Edited By Soli Shahvar
8. Apologetics and Interfaith Dialogue from a Bahá’í Perspective
The term apologetics derives from the Greek word apologeisthai, ‘to defend oneself’. It denotes a systematic discourse of argumentation in defence, or a branch of theology devoted to the defence and scientific verification of religious belief. Its sister term is apologia (from the Greek apología, ‘answer’, ‘justification’ or ‘defence’), which concerns the practical defence of faith.
Apologetics is a very old discipline and is found in all the Abrahamic religions. Judaism has a long-standing tradition of apologetics, the Jews often having been forced not only to defend the tenets of their faith but also to defend the Jewish people against attack on racial grounds. Jewish apologetics experienced its points of highest intensity when Christianity rose to power and began to attack all other forms of belief, and then once again when Islam rose to power. Islam also has a pronounced tradition of apologetics, exercised mainly in defence of Islam as a religious creed against criticism from outside the religion but also employed between Muslims of differing schools of thought. The Qur’án itself is in great part apologetic in nature.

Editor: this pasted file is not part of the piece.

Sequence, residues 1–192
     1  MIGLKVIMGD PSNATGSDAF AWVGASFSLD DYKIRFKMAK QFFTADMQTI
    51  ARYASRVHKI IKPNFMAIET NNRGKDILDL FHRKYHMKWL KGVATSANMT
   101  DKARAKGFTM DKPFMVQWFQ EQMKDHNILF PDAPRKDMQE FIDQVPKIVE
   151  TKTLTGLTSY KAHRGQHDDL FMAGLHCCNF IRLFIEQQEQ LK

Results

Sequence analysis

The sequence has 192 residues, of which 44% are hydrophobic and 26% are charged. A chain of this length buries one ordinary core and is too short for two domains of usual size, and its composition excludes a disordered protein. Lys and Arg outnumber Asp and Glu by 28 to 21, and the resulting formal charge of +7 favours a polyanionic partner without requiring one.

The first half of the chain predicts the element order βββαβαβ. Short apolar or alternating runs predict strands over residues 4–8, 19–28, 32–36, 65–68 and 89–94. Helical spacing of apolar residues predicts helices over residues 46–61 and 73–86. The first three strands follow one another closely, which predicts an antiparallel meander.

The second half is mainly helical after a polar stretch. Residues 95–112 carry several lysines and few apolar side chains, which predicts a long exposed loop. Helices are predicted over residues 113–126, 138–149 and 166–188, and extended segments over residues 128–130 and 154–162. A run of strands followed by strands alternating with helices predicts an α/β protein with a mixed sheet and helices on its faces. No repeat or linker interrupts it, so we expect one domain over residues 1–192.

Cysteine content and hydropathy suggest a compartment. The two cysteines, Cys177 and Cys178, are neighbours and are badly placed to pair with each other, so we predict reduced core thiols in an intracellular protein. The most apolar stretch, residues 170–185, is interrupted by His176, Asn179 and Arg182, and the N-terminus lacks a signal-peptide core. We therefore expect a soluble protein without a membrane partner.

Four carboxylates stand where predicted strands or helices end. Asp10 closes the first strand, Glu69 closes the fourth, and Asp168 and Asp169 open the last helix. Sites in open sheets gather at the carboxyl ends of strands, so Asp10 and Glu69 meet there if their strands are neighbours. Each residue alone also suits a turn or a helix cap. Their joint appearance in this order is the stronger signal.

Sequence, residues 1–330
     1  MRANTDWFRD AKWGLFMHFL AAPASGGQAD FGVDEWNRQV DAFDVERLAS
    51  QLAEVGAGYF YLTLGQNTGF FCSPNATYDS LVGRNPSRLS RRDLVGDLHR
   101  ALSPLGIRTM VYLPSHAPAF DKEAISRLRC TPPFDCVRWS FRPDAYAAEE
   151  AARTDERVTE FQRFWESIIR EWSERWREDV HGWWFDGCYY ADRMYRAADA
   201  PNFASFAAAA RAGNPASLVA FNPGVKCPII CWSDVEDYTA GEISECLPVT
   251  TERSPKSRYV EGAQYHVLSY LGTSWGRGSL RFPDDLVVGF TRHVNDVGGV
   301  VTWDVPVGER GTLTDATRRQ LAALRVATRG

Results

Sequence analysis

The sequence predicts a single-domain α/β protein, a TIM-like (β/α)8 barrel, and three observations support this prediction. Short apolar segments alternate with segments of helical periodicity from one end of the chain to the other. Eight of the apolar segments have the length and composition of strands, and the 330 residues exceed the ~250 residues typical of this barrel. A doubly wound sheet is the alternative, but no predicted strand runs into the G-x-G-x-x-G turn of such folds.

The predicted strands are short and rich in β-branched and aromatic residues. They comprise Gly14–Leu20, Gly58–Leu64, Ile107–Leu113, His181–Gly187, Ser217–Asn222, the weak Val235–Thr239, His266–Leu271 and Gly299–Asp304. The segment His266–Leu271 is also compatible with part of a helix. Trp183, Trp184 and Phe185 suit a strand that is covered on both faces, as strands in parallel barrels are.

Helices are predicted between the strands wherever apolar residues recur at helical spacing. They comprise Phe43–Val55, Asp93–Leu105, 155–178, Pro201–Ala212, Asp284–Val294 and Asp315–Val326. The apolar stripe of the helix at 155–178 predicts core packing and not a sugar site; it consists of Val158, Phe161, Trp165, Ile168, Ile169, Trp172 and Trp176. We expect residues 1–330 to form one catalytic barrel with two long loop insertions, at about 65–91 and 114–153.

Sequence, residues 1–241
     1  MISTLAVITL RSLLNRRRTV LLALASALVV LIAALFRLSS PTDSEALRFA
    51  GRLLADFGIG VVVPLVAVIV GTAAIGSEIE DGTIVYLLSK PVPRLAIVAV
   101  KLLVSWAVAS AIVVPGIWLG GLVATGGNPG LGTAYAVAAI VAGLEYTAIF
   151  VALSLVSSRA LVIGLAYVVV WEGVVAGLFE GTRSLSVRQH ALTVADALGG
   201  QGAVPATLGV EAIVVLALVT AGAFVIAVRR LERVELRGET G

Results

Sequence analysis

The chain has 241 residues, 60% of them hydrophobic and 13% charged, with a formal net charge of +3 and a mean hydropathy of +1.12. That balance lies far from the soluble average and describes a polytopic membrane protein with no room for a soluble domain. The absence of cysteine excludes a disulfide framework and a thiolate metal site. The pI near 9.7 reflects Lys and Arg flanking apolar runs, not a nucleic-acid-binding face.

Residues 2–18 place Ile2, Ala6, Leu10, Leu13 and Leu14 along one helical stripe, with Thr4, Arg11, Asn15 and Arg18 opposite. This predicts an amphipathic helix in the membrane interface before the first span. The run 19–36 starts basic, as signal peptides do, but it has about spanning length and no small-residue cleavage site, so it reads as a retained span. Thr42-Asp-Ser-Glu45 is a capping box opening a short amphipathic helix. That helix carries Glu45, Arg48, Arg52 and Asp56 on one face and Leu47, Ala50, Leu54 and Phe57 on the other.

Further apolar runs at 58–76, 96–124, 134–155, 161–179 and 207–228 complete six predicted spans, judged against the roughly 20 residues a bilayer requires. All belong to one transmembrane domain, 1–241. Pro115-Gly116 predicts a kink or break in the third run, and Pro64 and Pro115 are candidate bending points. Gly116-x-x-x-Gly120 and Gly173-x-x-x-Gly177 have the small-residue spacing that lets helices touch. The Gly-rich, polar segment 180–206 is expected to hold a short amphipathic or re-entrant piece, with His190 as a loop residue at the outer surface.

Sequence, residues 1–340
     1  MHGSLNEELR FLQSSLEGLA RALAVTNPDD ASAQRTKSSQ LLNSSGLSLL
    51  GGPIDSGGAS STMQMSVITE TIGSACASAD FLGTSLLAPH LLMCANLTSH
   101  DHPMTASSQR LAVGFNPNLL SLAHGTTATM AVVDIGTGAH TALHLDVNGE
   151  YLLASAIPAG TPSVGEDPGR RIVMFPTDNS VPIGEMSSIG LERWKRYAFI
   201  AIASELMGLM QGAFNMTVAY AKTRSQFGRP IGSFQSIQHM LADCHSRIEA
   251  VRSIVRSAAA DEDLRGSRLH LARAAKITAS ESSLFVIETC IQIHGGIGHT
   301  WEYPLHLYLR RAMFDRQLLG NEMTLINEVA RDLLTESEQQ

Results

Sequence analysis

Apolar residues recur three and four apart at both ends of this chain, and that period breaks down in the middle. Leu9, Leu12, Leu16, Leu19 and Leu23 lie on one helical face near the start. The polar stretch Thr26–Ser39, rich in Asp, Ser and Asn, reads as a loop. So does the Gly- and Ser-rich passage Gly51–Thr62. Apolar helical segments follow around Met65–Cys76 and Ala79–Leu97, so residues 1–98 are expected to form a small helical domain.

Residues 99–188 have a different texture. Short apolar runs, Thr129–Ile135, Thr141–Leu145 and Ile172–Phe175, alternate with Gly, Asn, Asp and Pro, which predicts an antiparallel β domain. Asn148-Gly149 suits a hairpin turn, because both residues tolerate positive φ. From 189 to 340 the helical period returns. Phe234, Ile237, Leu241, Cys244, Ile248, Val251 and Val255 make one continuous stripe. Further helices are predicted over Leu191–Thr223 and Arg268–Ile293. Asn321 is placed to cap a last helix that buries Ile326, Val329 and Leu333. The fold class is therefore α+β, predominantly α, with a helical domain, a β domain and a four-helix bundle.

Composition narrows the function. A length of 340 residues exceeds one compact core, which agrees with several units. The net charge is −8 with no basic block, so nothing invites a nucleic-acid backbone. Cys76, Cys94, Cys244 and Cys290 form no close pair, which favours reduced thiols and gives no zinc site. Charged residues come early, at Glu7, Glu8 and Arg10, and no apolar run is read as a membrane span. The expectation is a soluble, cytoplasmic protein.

The targets of Christian apologetics were first heathenism, Judaism and Gnosticism; in medieval times, Islam; and in modern times the Enlightenment, idealism and materialistic ideologies. Today it focuses on combating the secular zeitgeist and indifference towards Christianity. The locus classicus for Christian apologetics is 1 Peter 3:14–15:
But and if ye suffer for righteousness’ sake, happy are ye; and...
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